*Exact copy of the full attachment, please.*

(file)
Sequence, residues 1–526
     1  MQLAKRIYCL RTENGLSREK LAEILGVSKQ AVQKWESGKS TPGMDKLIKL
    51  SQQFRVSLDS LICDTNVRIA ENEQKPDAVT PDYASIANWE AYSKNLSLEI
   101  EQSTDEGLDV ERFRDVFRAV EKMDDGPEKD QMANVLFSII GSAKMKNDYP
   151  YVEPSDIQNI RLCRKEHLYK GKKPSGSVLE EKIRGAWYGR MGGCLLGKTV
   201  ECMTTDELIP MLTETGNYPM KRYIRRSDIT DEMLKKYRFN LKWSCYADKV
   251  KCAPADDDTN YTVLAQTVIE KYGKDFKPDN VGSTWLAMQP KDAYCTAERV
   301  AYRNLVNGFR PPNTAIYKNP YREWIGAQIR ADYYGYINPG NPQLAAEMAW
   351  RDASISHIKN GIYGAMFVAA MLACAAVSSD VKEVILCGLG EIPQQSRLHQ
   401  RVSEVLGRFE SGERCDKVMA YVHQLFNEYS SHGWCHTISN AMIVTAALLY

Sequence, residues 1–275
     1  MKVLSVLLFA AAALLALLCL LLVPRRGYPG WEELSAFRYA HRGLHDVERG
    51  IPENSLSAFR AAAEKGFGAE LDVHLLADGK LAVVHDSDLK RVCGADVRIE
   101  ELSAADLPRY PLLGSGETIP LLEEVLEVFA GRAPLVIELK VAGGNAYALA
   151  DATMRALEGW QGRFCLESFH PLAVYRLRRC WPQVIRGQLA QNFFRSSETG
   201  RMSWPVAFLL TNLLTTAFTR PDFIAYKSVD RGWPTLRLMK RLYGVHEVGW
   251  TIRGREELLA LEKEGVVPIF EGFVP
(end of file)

Sequence, residues 1–526
     1  MQLAKRIYCL RTENGLSREK LAEILGVSKQ AVQKWESGKS TPGMDKLIKL
    51  SQQFRVSLDS LICDTNVRIA ENEQKPDAVT PDYASIANWE AYSKNLSLEI
   101  EQSTDEGLDV ERFRDVFRAV EKMDDGPEKD QMANVLFSII GSAKMKNDYP
   151  YVEPSDIQNI RLCRKEHLYK GKKPSGSVLE EKIRGAWYGR MGGCLLGKTV
   201  ECMTTDELIP MLTETGNYPM KRYIRRSDIT DEMLKKYRFN LKWSCYADKV
   251  KCAPADDDTN YTVLAQTVIE KYGKDFKPDN VGSTWLAMQP KDAYCTAERV
   301  AYRNLVNGFR PPNTAIYKNP YREWIGAQIR ADYYGYINPG NPQLAAEMAW
   351  RDASISHIKN GIYGAMFVAA MLACAAVSSD VKEVILCGLG EIPQQSRLHQ
   401  RVSEVLGRFE SGERCDKVMA YVHQLFNEYS SHGWCHTISN AMIVTAALLY

Sequence, residues 1–275
     1  MKVLSVLLFA AAALLALLCL LLVPRRGYPG WEELSAFRYA HRGLHDVERG
    51  IPENSLSAFR AAAEKGFGAE LDVHLLADGK LAVVHDSDLK RVCGADVRIE
   101  ELSAADLPRY PLLGSGETIP LLEEVLEVFA GRAPLVIELK VAGGNAYALA
   151  DATMRALEGW QGRFCLESFH PLAVYRLRRC WPQVIRGQLA QNFFRSSETG
   201  RMSWPVAFLL TNLLTTAFTR PDFIAYKSVD RGWPTLRLMK RLYGVHEVGW
   251  TIRGREELLA LEKEGVVPIF EGFVP